During a sportfishing trip in Florida during Spring Break, a group of four Atlanta, Georgia teenagers did something incredible - they hooked a 13-foot long Great White shark.
CBS News reported that on April 9, Harry Andros, Josh Shailer, and Logan Elliot, and Tanner Elliot (who play high school baseball in Dunwoody, Georgia), were traveling on the Hooked Up charter boat out of Fort Lauderdale. The Elliots' father, Jared, was also along for the wild ride. Captain Taco Perez told CBS that the Great White shark they came across initially took a bonito off a kite line about 180-feet from the Port Everglades Inlet.
For the next two hours, everyone aboard the boat struggled with the shark before they were finally able to get the massive sea creature close to their vehicle. It was at that moment that they all realized they had hooked a Great White shark, which was estimated to weigh between 800 and 1,000-pounds.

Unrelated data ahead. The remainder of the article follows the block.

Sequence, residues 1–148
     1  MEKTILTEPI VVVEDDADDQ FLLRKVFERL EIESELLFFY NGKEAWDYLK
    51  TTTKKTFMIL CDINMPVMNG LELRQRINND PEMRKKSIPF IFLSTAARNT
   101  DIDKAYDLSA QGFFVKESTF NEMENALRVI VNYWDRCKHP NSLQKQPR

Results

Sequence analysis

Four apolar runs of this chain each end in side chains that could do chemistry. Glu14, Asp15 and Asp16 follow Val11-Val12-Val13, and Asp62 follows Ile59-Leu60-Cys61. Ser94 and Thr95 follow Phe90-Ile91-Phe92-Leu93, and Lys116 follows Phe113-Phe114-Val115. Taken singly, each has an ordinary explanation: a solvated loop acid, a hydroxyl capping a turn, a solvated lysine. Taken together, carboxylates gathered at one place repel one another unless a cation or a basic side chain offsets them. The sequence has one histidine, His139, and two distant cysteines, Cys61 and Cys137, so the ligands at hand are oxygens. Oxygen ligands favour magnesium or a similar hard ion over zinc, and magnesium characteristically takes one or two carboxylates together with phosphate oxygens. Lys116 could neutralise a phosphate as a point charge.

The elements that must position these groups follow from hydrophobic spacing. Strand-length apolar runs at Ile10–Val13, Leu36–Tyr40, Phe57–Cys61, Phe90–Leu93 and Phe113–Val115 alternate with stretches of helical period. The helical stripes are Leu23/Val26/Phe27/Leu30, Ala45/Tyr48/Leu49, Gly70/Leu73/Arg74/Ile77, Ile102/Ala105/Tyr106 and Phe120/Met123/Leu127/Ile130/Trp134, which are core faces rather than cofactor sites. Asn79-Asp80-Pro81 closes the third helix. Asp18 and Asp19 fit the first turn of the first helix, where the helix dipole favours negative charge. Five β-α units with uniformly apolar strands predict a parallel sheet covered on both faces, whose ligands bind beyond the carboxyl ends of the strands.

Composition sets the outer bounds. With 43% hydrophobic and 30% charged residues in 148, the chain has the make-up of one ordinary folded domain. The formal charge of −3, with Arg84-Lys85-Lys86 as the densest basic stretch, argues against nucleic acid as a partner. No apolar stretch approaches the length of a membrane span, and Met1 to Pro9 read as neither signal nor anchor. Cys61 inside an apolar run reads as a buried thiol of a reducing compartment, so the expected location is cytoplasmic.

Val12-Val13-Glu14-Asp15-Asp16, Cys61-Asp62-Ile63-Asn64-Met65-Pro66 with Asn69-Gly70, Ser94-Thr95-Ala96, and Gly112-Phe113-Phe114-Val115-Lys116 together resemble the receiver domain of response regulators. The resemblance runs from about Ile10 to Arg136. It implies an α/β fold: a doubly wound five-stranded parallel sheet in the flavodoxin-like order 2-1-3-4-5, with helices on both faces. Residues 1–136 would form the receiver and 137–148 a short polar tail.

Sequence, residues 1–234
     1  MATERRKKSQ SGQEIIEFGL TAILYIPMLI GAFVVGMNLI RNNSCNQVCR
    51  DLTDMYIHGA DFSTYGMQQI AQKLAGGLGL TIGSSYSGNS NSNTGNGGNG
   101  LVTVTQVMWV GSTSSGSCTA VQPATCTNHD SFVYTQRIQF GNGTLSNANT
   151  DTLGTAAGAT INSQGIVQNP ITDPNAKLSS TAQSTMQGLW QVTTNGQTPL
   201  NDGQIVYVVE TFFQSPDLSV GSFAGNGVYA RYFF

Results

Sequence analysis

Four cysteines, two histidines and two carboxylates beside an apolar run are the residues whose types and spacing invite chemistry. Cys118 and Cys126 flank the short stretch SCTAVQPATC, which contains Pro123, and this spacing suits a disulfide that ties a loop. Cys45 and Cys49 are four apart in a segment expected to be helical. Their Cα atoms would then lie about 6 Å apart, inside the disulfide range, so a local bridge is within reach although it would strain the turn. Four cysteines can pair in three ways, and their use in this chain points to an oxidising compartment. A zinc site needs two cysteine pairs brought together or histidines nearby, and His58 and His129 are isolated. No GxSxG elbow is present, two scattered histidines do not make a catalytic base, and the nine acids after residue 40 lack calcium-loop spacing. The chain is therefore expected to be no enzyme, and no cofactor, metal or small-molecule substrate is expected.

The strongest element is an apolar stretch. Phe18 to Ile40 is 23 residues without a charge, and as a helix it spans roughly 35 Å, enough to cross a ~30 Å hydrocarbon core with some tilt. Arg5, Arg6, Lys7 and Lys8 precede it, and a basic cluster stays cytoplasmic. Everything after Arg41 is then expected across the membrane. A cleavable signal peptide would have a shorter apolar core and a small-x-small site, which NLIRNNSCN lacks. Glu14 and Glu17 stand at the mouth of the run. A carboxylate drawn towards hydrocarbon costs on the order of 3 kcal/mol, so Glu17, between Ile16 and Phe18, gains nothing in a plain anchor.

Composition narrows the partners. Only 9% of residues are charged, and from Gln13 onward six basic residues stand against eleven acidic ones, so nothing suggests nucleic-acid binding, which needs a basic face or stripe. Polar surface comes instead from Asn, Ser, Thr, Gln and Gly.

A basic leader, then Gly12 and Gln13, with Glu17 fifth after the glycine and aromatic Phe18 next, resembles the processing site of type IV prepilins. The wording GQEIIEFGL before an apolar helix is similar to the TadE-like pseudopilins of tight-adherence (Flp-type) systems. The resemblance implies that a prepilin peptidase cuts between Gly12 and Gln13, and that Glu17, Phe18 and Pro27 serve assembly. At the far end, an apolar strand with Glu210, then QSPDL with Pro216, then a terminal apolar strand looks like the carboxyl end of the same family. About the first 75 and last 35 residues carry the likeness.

During the hooking scuffle with the shark, the hook reportedly got free from the shark's mouth. It then got lodged into the shark's pectoral (side) fin. Once they got the shark close to the boat, the teenagers took a pic of it and proceeded to let it go free.
Captain Perez gave some comments on the shark to the Sun Sentinel:
No one knew what it was until we got it to the boat. I've been fishing here since 1969 and Greg and I saw one three years ago. It's so darn uncommon. We're pretty excited about it.
Great White sharks are kind of rare to spot along Florida's waters. However, CBS Miami made note of the many shark species that have been spotted off Broward beaches:
Sharks off Broward beaches have made headlines over the last month or so. Thousands of black tip, lemon and hammerhead sharks have been spotted heading North on their annual migration.
Captain Perez also mentioned that this wasn't the only recent case of a Great White getting hooked:
Capt. Taco Perez, who owns the Fort Lauderdale charter boat, told CBS4 he heard from a fellow charter boat captain in Miami-Dade that a Great White was hooked off Key Biscayne a few days ago and another one was spotted off Jacksonville five days ago. He believes more of this top predator of the seas will be spotted farther south as the fishing pattern continues to change.